• Be sure they adequately protect your information;
    • Make sure your organization has some recourse in the even they do not, especially since your organization will have imputed liability for the actions of vendors who are agents.
  • Evaluate and limit, to the extent possible, the type of information your organization receives, uses, discloses, and retains to only the minimum necessary amount of information that is needed — the less identifiable information your organization has, the lower risk of a security breach.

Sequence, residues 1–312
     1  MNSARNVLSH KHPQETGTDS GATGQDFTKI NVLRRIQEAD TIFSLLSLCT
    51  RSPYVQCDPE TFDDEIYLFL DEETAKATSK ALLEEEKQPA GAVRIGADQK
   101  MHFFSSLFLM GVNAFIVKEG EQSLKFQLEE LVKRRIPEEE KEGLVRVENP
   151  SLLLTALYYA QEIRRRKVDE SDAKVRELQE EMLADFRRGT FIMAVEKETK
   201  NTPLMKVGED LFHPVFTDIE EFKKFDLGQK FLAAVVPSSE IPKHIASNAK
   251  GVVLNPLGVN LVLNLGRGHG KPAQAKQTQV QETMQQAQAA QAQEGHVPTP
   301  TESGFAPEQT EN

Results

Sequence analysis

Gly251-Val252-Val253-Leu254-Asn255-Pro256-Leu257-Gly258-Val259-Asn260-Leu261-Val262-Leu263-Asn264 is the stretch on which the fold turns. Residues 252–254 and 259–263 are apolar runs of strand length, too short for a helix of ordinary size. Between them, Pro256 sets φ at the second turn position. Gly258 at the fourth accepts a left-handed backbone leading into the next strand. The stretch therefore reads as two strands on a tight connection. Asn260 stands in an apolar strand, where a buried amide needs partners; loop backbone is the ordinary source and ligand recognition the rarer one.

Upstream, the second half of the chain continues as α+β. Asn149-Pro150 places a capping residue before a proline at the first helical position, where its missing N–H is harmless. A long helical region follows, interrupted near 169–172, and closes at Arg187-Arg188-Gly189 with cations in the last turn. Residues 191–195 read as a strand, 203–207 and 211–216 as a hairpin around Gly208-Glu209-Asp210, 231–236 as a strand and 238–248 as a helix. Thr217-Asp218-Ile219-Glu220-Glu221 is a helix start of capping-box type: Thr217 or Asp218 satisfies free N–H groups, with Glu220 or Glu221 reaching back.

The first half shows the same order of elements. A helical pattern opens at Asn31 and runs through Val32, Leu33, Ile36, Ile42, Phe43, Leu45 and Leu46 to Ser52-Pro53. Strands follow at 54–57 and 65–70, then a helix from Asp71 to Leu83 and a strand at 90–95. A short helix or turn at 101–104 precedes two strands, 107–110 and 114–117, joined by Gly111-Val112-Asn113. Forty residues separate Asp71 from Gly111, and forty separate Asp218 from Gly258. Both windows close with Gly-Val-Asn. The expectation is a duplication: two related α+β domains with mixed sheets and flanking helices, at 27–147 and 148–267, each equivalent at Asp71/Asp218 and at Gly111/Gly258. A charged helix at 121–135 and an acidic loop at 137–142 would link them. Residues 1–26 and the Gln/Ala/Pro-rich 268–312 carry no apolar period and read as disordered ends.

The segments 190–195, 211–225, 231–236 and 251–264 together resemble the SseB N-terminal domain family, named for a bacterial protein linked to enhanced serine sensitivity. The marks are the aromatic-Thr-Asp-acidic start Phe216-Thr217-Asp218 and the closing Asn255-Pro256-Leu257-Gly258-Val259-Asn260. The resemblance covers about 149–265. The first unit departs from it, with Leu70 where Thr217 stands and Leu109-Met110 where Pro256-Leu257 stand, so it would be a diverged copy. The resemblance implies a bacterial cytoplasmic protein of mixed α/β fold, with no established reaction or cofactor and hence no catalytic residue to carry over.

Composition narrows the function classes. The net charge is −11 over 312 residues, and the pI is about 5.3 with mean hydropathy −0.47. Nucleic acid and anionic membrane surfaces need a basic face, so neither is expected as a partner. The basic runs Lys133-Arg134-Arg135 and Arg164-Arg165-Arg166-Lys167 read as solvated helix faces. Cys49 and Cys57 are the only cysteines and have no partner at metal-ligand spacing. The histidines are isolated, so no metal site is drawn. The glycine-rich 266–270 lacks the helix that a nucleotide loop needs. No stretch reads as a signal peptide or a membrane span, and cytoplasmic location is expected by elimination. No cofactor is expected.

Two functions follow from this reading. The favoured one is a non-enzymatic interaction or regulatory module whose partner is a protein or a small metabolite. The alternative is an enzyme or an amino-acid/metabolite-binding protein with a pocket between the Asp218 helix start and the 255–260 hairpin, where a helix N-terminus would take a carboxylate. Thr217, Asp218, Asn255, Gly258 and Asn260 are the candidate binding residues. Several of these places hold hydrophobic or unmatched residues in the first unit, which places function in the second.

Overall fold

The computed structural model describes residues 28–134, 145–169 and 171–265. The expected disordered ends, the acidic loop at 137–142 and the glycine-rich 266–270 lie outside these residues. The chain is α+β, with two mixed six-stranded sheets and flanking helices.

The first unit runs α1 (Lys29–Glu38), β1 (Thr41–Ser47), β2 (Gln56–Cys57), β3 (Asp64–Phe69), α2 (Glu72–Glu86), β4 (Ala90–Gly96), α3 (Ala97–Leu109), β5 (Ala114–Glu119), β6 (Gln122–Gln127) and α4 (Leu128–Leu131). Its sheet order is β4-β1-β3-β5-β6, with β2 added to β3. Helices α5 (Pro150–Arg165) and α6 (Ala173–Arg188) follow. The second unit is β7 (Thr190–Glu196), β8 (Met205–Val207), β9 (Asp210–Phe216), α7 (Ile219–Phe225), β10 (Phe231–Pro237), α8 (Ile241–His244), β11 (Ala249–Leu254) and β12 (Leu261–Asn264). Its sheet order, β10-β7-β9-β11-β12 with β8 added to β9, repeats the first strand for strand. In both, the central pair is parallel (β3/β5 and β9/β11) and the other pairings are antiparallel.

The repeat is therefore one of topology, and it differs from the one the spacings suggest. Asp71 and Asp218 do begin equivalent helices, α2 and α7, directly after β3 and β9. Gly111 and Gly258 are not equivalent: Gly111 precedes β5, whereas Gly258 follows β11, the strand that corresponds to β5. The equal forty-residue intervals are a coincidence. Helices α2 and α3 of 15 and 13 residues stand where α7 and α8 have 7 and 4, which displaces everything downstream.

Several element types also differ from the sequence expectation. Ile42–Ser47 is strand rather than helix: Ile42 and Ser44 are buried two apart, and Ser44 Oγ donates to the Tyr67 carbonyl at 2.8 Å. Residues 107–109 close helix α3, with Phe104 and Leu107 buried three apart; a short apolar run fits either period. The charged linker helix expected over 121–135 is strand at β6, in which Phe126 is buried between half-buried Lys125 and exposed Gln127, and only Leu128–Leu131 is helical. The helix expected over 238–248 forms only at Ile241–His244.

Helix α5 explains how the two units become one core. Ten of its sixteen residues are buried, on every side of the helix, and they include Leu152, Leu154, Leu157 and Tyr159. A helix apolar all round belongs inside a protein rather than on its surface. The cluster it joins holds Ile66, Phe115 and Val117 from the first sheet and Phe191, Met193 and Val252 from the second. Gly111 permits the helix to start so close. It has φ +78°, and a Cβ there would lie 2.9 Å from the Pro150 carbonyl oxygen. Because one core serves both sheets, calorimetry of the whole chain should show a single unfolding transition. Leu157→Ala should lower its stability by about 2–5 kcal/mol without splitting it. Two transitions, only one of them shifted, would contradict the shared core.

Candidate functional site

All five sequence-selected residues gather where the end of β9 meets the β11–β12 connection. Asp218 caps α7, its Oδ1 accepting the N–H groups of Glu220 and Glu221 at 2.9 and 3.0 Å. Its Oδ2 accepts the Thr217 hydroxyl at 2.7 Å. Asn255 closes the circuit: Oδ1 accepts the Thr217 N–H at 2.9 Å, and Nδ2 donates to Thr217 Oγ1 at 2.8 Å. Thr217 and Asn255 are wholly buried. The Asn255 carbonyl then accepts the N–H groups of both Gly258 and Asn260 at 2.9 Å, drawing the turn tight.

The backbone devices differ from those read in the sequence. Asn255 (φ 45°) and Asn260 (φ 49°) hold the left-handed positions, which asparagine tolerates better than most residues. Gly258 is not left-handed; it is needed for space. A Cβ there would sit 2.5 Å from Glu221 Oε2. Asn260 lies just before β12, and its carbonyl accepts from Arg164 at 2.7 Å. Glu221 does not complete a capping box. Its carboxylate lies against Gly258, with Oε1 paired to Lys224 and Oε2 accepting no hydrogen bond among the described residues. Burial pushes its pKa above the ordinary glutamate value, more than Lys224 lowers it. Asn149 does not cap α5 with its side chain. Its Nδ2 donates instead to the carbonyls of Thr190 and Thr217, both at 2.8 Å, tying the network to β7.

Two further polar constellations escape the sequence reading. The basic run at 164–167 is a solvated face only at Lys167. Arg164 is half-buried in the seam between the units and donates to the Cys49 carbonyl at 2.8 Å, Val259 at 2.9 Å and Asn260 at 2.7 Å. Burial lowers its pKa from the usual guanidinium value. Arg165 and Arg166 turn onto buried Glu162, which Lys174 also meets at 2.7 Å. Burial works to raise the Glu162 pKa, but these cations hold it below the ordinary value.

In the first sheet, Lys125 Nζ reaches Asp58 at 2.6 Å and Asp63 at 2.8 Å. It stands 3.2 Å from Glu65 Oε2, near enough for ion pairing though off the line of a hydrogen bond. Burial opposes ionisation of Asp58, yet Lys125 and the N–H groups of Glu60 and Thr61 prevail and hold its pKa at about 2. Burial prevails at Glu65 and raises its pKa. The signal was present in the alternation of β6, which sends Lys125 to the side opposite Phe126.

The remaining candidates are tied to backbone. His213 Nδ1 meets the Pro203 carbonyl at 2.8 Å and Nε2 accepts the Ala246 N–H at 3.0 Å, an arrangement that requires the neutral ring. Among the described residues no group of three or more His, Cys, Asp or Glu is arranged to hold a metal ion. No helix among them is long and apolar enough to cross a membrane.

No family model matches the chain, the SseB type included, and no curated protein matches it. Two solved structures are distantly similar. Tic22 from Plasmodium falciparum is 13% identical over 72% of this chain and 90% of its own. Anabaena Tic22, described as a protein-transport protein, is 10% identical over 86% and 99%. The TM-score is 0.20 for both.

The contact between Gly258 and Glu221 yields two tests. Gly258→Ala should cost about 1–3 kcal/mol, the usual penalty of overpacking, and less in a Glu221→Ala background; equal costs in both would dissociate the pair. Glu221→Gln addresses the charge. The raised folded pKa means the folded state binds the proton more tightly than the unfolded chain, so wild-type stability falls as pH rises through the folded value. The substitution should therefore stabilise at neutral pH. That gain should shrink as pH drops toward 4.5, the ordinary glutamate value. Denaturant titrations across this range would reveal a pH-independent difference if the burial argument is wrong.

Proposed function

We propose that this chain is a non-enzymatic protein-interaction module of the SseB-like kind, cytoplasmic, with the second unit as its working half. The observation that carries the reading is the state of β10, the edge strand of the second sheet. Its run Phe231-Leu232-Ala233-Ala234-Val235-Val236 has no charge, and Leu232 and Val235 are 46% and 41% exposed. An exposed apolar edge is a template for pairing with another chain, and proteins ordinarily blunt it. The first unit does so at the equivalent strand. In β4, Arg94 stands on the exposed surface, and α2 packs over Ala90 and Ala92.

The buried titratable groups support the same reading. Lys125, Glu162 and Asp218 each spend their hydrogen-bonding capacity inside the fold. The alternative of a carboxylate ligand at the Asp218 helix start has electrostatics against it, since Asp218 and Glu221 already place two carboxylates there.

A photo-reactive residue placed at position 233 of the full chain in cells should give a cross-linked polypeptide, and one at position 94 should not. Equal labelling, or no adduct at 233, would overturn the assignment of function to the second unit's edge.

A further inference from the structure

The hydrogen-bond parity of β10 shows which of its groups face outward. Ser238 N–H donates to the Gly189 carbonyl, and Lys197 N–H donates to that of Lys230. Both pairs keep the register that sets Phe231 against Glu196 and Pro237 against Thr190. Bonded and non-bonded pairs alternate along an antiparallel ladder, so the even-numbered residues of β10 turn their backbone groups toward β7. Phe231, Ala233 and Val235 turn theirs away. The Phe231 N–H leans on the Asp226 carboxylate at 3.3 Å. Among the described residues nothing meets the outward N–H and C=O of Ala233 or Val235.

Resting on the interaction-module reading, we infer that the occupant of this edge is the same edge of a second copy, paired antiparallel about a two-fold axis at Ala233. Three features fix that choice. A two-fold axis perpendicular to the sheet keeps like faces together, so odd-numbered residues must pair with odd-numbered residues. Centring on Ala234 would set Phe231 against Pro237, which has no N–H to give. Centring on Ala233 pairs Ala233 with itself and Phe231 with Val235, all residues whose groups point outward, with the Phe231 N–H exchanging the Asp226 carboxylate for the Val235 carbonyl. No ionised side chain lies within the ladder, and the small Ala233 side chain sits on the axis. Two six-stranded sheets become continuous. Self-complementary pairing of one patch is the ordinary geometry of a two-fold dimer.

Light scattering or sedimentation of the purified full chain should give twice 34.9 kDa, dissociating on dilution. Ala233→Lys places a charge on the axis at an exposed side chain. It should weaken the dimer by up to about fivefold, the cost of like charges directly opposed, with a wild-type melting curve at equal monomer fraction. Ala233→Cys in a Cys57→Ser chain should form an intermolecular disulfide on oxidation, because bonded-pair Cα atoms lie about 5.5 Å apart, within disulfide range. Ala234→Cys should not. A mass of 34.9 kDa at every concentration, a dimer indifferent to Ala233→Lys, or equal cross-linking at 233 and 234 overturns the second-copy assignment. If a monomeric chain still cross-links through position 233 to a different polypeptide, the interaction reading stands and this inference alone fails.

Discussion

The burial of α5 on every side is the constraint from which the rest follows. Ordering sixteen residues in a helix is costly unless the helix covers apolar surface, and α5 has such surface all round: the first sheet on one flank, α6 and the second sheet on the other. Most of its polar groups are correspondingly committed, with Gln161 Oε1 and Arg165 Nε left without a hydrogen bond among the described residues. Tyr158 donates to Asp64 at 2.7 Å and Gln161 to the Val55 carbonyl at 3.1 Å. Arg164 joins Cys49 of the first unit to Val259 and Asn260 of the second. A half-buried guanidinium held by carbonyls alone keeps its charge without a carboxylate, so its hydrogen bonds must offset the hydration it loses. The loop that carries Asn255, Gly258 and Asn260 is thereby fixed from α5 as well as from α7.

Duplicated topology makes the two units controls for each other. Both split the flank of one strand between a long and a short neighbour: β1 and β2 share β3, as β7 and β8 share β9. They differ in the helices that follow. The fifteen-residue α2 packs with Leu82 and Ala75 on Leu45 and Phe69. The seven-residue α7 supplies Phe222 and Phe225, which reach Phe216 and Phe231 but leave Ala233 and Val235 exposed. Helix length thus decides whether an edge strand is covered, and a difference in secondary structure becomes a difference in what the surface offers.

• Proactively develop a security incident response plan — assemble a breach team and review your breach notification policies and procedures to help guide your organization through handling breaches.

These proactive steps will help prevent breaches and reduce the stress of analyzing the myriad breach requirements, especially when breaches need to be handled under duress, in a short period of time. We also recommend having red wine or tequila (or both) on hand.